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The Single Global Currency - Common Cents for Commerce

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  • Bonpasse, Morrison

Abstract

As globalization continues, businesses are increasingly importing and exporting from countries with different currencies. To conduct that business, they must pay fees for exchanging one currency for another and they must determine the exchange rate for a particular time. If the transaction is to be conducted over time, they may purchase currency instruments to hedge against currency fluctuation. The costs of these tasks to such firms are significant. As an increasing number of international businesses understand that these expensive tasks are unnecessary for trade conducted within a monetary union, these businesses are likely to lead the effort to implement a Single Global Currency, to be managed by a Global Central Bank within a Global Monetary Union. In short, a "3-G" world. It's common cents. Much further research is needed to identify the benefits of a Single Global Currency and the steps and schedule necessary for implementation.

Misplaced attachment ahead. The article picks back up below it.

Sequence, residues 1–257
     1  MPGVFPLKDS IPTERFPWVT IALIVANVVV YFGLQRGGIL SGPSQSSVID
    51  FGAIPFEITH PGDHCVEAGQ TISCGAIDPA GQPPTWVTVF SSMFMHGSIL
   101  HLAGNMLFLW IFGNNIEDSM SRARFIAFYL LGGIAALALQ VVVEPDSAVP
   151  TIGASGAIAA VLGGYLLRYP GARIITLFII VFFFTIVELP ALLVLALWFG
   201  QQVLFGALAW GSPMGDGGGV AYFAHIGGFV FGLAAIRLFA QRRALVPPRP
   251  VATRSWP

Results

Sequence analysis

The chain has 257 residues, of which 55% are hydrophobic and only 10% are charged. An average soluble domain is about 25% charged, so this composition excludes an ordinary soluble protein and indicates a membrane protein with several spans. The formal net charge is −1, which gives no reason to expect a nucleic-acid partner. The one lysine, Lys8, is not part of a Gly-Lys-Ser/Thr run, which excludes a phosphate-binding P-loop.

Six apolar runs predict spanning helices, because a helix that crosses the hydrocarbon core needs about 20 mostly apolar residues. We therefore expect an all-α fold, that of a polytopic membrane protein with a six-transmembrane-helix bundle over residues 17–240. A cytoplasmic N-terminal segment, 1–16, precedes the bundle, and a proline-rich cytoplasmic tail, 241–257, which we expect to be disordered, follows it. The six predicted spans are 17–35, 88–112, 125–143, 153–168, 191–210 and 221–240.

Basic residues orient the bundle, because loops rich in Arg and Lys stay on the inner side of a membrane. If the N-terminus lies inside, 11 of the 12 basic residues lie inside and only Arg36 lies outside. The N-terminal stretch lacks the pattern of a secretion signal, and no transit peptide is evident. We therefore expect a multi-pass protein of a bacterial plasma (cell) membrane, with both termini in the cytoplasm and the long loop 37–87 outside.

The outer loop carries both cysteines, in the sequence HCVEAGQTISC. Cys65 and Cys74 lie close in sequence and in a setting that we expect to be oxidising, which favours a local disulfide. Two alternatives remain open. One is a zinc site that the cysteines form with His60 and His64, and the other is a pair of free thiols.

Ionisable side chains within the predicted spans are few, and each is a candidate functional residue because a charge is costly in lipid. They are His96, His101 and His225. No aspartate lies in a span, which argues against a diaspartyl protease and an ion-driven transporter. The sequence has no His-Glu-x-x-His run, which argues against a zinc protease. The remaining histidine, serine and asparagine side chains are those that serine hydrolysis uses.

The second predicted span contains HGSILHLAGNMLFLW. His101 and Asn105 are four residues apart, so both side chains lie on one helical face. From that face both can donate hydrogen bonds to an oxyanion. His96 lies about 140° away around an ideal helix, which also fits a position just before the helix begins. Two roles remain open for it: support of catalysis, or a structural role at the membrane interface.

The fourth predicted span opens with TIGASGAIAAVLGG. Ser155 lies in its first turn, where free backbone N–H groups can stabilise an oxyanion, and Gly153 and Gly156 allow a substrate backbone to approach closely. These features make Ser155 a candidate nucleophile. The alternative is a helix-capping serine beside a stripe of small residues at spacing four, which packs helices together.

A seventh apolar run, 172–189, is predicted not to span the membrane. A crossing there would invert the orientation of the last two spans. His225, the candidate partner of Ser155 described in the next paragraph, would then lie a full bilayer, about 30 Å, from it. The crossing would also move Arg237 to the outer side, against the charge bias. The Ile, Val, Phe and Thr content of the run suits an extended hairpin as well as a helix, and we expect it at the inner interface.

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Paper provided by University Library of Munich, Germany in its series MPRA Paper with number 7002.

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Date of creation: 04 Feb 2008
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Handle: RePEc:pra:mprapa:7002

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Keywords: Single Global Currency; monetary union; dollar; euro; European Monetary Union; Global Central Bank; Global Monetary Union; international monetary system; Bretton Woods; foreign exchange; currency; currency crisis; transaction costs; trade; commerce;

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  1. Richard Cooper, 2006. "Proposal for a common currency among rich democracies," International Economics and Economic Policy, Springer, Springer, vol. 3(3), pages 387-394, December.
  2. Hugo Rodríguez, 1998. "Monetary unions and the transaction cost savings of a single currency," Economics Working Papers, Department of Economics and Business, Universitat Pompeu Fabra 291, Department of Economics and Business, Universitat Pompeu Fabra.
  3. Jayaraman, Tiru K. & Ward , Bert D., 2006. "A Single Currency for Pacific Island Countries: An SVAR Analysis," Economia Internazionale / International Economics, Camera di Commercio di Genova, vol. 59(1), pages 83-111.
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